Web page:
Actual Study Start Date : November 17, 2014
Estimated Primary Completion Date : December 31, 2018
Estimated Study Completion Date : December 31, 2019

Resource links provided by the National Library of Medicine

U.S. FDA Resources

Arm Intervention/treatment
Experimental: Weight loss
Obese Veterans will aim to lose 5-10% body weight
Behavioral: Weight loss
Obese Veterans will undergo dietary education for weight loss or weight maintenance
No Intervention: Baseline comparator
Obese Veterans similar to Aim 1 in BMI, age, gender but not insulin sensitivity will not undergo weight loss



Primary Outcome Measures :
  1. food consumption-induced neural activation [ Time Frame: ~4-9months ]
    food consumption-induced neural activation as determined by blood-oxygen dependent functional magnetic resonance imaging (BOLD fMRI) scanning



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Ages Eligible for Study:   25 Years to 60 Years   (Adult)
Sexes Eligible for Study:   All
Accepts Healthy Volunteers:   No
Criteria

Inclusion Criteria:

  • Age 25-60yoa, inclusive.
  • BMI 30.0 and 45.0 kg/m2, inclusive.
  • Normal visual acuity with correction.
  • Able to travel regularly to the St. Louis VA and Washington University for research visits.
  • Completed signed informed consent form.

Exclusion Criteria:

  • Current or history of significant psychiatric disease, including Binge Eating Disorder (BED).
  • Current or history of significant substance abuse or extended use of tobacco.
  • Contraindications for MRI (e.g., pregnancy, claustrophobia, pacemaker, circumference > 54 inches, weight > 400 lbs, etc.);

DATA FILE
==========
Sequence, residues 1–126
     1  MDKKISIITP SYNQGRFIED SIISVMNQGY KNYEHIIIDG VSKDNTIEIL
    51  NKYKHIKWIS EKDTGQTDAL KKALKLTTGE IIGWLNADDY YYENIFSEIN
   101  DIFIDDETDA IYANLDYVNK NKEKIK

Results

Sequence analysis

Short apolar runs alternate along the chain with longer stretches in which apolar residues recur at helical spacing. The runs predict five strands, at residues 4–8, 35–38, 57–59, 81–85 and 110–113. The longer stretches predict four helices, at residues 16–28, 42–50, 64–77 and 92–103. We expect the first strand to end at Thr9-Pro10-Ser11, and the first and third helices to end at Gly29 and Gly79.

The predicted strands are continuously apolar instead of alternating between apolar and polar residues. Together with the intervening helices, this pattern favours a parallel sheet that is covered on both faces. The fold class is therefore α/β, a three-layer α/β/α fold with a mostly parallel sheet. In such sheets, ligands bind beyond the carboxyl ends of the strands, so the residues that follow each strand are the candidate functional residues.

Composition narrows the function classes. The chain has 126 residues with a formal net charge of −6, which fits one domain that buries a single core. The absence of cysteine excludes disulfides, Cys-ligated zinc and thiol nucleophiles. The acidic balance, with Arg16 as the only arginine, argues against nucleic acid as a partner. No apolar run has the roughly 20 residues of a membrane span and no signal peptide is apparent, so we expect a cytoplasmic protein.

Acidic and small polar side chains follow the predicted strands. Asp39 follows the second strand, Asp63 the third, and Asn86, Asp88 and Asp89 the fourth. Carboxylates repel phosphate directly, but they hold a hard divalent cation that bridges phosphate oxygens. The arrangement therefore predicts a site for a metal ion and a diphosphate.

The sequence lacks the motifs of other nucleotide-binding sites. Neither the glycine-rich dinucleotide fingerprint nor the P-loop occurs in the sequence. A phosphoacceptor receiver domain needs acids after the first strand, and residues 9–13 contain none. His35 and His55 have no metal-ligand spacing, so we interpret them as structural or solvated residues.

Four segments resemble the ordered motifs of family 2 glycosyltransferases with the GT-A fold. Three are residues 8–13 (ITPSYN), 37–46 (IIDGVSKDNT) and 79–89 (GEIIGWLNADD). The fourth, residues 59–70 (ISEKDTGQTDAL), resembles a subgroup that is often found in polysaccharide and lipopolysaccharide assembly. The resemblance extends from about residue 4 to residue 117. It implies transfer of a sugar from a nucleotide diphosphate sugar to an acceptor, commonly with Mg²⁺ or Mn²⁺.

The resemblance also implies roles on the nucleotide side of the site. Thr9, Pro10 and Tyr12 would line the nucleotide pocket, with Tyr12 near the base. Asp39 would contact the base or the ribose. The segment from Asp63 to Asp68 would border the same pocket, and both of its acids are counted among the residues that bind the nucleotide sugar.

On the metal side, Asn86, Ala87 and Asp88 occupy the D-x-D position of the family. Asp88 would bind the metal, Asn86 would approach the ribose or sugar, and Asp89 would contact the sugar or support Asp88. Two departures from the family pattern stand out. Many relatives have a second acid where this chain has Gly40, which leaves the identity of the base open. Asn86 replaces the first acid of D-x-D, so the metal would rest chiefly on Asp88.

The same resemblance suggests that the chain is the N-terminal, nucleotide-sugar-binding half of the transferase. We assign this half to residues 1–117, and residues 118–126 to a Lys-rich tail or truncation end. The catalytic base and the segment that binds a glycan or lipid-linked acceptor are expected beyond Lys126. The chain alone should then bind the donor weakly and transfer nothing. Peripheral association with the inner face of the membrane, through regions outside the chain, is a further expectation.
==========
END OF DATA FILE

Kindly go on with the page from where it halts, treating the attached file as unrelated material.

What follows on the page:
• Significant cardiovascular, pulmonary, renal, liver, neurologic, or metabolic disease.
  • Diabetes mellitus.
  • Significant anemia.
  • Treatment with a medication the affects insulin sensitivity.
  • Treatment with centrally acting medications.
  • Frequent shift work.
  • Significant in-mobility or unable to lay on back still for 1 hour.
  • History of bariatric surgery.
  • Food allergies/ intolerance that would prevent completing study.
  • Symptoms concerning for untreated active mental health disease

Information from the National Library of Medicine

To learn more about this study, you or your doctor may contact the study research staff using the contact information provided by the sponsor.

Please refer to this study by its ClinicalTrials.gov identifier (NCT number): NCT02241603


Contacts
Contact: Julia P Dunn, MD julia.dunn@va.gov

Locations
United States, Missouri
St. Louis VA Medical Center John Cochran Division, St. Louis, MO Recruiting
Saint Louis, Missouri, United States, 63106
Contact: Julia P Dunn, MD       julia.dunn@va.gov   
Principal Investigator: Julia P Dunn, MD         
Sponsors and Collaborators
VA Office of Research and Development
Washington University School of Medicine
Investigators
Principal Investigator: Julia P Dunn, MD St. Louis VA Medical Center John Cochran Division, St. Louis, MO

Responsible Party: VA Office of Research and Development
ClinicalTrials.gov Identifier: NCT02241603     History of Changes
Other Study ID Numbers: CLNB-004-13F
First Posted: September 16, 2014    Key Record Dates
Last Update Posted: December 12, 2017
Last Verified: December 2017
Individual Participant Data (IPD) Sharing Statement:
Plan to Share IPD: No

Studies a U.S. FDA-regulated Drug Product: No
Studies a U.S. FDA-regulated Device Product: No
Product Manufactured in and Exported from the U.S.: No

Keywords provided by VA Office of Research and Development:
Insulin resistance
Consummatory Reward

Additional relevant MeSH terms:
Obesity
Insulin Resistance
Overnutrition
Nutrition Disorders
Overweight
Body Weight
Signs and Symptoms
Hyperinsulinism
Glucose Metabolism Disorders
Metabolic Diseases
Insulin, Globin Zinc
Insulin
Hypoglycemic Agents
Physiological Effects of Drugs